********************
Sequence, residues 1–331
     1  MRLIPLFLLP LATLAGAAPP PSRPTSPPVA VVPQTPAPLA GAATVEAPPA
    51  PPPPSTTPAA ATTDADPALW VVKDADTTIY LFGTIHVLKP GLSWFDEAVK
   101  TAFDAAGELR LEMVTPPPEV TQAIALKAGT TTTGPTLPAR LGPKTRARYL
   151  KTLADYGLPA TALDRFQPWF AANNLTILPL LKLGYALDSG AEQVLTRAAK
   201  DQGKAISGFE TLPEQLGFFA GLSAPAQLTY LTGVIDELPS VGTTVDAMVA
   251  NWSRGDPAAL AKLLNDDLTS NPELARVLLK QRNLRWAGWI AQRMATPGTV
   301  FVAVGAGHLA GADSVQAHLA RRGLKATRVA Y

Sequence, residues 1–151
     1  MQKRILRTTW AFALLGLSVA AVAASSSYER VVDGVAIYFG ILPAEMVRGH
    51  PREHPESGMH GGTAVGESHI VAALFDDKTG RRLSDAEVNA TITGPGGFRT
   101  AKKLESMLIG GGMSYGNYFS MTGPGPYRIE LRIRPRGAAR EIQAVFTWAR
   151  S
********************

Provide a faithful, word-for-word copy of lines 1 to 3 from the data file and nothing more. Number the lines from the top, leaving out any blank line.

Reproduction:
Sequence, residues 1–331
     1  MRLIPLFLLP LATLAGAAPP PSRPTSPPVA VVPQTPAPLA GAATVEAPPA
    51  PPPPSTTPAA ATTDADPALW VVKDADTTIY LFGTIHVLKP GLSWFDEAVK